On the Contextures website, I’ve got a long list of Excel books. They range from books for absolute beginners, to specialized books on statistics and financial modeling.
Here are the advanced beginner books that I suggested to Stephan – do you agree with these choices?
- Excel 2010: The Missing Manual; Matthew MacDonald; ISBN: 1449382355; 898 pages; 2010; US$39.99
- Microsoft Excel 2010 Step by Step; Curtis Frye; ISBN: 0735626944; 480 pages; 2010; US$29.99
- Slaying Excel Dragons: A Beginners Guide to Conquering Excel’s Frustrations and Making Excel Fun; Mike Girvin, Bill Jelen; Holy Macro! Books; ISBN: 978-1615470006; 532 pages; 2011; US$29.95
- Excel 2010 All-in-One For Dummies; Greg Harvey; ISBN: 0470489596; 792 pages; 2010; US$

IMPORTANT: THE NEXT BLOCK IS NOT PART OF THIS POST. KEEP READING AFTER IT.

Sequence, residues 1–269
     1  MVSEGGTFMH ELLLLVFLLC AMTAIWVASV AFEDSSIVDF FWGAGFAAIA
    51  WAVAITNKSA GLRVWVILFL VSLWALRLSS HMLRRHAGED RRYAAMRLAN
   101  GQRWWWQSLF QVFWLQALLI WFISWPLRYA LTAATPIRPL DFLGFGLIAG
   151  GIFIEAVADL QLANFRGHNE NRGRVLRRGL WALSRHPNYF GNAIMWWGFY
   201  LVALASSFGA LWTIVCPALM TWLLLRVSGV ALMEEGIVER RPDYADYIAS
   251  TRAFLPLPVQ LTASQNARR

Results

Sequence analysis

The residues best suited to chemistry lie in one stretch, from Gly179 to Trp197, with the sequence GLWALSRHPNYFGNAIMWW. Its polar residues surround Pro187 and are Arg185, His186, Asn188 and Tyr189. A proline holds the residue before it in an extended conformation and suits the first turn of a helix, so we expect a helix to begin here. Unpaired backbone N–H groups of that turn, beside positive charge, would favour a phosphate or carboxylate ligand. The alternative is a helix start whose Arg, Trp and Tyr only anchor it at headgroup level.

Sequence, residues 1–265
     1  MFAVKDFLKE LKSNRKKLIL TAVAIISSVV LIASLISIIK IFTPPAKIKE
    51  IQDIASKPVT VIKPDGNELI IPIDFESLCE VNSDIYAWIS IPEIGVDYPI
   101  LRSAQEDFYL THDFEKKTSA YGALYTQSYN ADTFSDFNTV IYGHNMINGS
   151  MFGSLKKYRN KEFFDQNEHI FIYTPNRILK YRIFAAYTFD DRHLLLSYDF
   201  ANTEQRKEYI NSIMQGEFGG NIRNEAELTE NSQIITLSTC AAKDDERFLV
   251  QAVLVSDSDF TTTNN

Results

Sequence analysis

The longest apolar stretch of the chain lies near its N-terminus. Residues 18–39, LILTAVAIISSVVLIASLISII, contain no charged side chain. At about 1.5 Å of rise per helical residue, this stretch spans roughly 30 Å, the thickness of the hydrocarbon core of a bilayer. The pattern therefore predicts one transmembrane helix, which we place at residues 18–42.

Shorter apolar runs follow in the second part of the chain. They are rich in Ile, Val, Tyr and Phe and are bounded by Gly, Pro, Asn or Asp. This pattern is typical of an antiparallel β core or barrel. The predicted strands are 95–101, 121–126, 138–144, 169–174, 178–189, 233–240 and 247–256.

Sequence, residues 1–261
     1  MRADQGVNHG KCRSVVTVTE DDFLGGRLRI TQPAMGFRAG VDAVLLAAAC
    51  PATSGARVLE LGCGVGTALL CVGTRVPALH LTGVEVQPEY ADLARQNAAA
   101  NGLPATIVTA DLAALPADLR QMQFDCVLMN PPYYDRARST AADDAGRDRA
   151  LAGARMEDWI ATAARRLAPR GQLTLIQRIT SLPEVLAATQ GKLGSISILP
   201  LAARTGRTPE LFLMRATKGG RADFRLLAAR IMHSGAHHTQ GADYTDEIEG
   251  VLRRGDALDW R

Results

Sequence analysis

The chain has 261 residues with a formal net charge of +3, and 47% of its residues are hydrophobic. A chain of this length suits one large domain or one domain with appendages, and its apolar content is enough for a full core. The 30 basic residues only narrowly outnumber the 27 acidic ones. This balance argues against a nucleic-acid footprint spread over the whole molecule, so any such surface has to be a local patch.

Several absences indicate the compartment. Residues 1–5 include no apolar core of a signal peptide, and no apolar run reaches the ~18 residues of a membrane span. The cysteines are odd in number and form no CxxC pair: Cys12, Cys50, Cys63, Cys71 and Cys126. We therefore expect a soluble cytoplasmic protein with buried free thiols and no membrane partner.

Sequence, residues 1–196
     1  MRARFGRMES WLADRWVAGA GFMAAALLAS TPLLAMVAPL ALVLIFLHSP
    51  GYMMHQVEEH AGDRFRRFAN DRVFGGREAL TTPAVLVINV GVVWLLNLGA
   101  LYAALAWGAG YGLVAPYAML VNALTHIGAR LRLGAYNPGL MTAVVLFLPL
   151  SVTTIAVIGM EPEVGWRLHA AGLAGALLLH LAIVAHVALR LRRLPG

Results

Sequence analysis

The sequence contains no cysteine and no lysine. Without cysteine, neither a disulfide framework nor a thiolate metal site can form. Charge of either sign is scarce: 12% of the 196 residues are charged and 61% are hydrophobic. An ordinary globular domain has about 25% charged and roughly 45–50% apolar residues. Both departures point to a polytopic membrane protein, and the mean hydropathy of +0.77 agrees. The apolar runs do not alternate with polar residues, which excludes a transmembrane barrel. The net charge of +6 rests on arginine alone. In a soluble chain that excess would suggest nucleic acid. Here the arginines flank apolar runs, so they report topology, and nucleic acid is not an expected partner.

Check the Contents
Before you buy an Excel book, use the “Look Inside” feature on Amazon, if available, to see what the writing style is like, and check the table of contents. The quick peek will give you a general overview of the book, and should help you decide if it’s right for you.
Read the Reviews
The customer reviews can be helpful too – both the negative and positive ones. Sometimes another person doesn’t like a book because it’s not for absolute beginners, and that might be a positive thing for you. And there’s always the possibility that some of the glowing reviews were written by the author’s mother or friends! 😉
If you can get to a bookstore, you can flip through the Excel books there, and head home with a few that you like. It usually costs a bit more than shopping online, but it’s worth it, to find the books that are best suited to your needs and learning style.